6:10 p.m. (Main Stage)
6:20 p.m. (Stage 4)
They’re in the reunion moon of their career but, shit, it’s the motherfucking Pixies! If you’re not into the Pixies, you should get your head checked. But to the rescue of even poor suckers like you is powerhouse siren and Orlando ex-pat Kaleigh Baker. She always brings down the house.
7:50 p.m. (Main Stage)
8 p.m.(Stage 2)
8 p.m.(Stage 3)
Next is practically a three-way tie that really depends on your taste: The Raconteurs, the Roots and Drive-By Truckers. Considering both overall quality and infrequency of Orlando visits, DBT is the best pick.
9:45 p.m.(Main Stage) – Judging by the press releases and the cherry slot, the festival organizers seem to think these guys are a bigger deal than we do. There are no other competing performances at this hour, though, so might as well.
All right, geezers, your turn. Up and at ’em.
Jason Isbell & the 400 Unit
12:10 p.m.(Stage 2) – This outstanding alt-country act shouldn’t really be playing Sunday’s inferior lineup and definitely not in the dreaded first slot. But, whatever, they’re one of the best of the fest so get there early.
The David Mayfield Parade
1 p.m.(Stage 3) – The gentle and sweet Americana of this Nashville outfit is youthful in voice but steeped in tradition.
1:15 p.m. (Stage 2) – This Florida-born neo-traditionalist country artist dishes out the brass with some atypical tendencies.
1:25 p.m. (Main Stage) – This Nashville bluegrass legend represents perhaps the day’s deepest, most legit musical heritage.
2:25 p.m.(Stage 2) – This next wave of sets is a little flat but, appropriately enough, Texas’ Flatlanders will likely nourish the most with their gentlemanly, authentic take on country.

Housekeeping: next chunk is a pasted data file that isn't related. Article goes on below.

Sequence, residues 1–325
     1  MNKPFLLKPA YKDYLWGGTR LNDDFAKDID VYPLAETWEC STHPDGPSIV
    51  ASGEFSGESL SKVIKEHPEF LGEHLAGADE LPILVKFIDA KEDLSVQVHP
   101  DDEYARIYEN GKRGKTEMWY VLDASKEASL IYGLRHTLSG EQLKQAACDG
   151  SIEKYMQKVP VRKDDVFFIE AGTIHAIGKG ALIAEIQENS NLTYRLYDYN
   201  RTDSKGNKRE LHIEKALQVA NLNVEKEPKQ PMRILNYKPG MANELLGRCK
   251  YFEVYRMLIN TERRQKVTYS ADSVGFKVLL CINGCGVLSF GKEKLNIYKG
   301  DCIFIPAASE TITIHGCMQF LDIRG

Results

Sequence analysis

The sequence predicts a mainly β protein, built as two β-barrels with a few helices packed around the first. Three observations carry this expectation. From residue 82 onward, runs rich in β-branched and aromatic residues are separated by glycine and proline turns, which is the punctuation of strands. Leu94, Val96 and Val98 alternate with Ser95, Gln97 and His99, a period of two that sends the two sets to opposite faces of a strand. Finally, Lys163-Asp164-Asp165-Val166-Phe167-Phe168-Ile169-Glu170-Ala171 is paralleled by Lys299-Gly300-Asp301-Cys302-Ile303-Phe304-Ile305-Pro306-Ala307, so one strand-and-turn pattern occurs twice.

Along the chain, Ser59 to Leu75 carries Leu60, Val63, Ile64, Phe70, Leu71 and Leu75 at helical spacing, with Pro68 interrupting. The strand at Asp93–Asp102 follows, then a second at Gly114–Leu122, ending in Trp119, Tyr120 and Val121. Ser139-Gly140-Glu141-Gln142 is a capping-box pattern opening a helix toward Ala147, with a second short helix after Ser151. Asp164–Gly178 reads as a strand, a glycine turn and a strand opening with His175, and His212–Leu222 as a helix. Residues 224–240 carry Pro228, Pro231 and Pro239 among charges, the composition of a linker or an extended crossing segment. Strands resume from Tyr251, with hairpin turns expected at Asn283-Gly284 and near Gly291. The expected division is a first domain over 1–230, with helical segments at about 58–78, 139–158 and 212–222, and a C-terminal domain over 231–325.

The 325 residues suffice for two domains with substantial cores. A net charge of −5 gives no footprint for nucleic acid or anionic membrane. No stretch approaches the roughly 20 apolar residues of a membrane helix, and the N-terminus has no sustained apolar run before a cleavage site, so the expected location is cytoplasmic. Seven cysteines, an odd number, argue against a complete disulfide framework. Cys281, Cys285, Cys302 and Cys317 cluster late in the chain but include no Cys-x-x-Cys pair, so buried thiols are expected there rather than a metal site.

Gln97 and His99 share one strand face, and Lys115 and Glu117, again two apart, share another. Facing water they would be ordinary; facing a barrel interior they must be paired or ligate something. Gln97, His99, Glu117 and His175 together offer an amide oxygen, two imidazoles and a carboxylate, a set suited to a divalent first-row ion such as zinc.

3:25 p.m.(Stage 4) – The patient, atmospheric and wistful indie folk of this young New Hampshire band will appeal to fans of Bon Iver.
3:40 p.m.(Stage 3) – She’s best known for adult-contemporary pop-rock but she’s been honing her country chops for a while now.
4:50 p.m. (Stage 2) – Another legend, only this one specializes in a diverse Chicago blues style.
Justin Townes Earle
5 p.m.(Stage 3) – He’s the son of alt-country outlaw Steve Earle, but the young Bloodshot Records recording artist has quietly been making his own way. After this, there’s enough down time to fully recharge. Grub or beer: your call.
6:15 p.m.(Stage 3)
Thomas Wynn & the Believers
6:15 p.m.(Stage 4)
6:30 p.m. (Stage 3)
Check out the beginning of either Chris Isaak or local Southern soul-rockers Thomas Wynn & the Believers, but then definitely go see the graceful American songwriting of Brandi Carlile.
7:05 p.m.(Main Stage) – Please Lord, keep him on his twangy material and away from rap.
7:50 p.m.(Stage 2) – No, he’s not the headliner, but this shot of unapologetically authentic honky-tonk is the festival’s last call for goodness.
Bob Seger & the Silver Bullet Band
9:20 p.m.(Main Stage)
And now, the conundrum of the day: If Bob Seger & the Silver Bullet Band still does anything for you, it’s probably past your bedtime by the time they go on.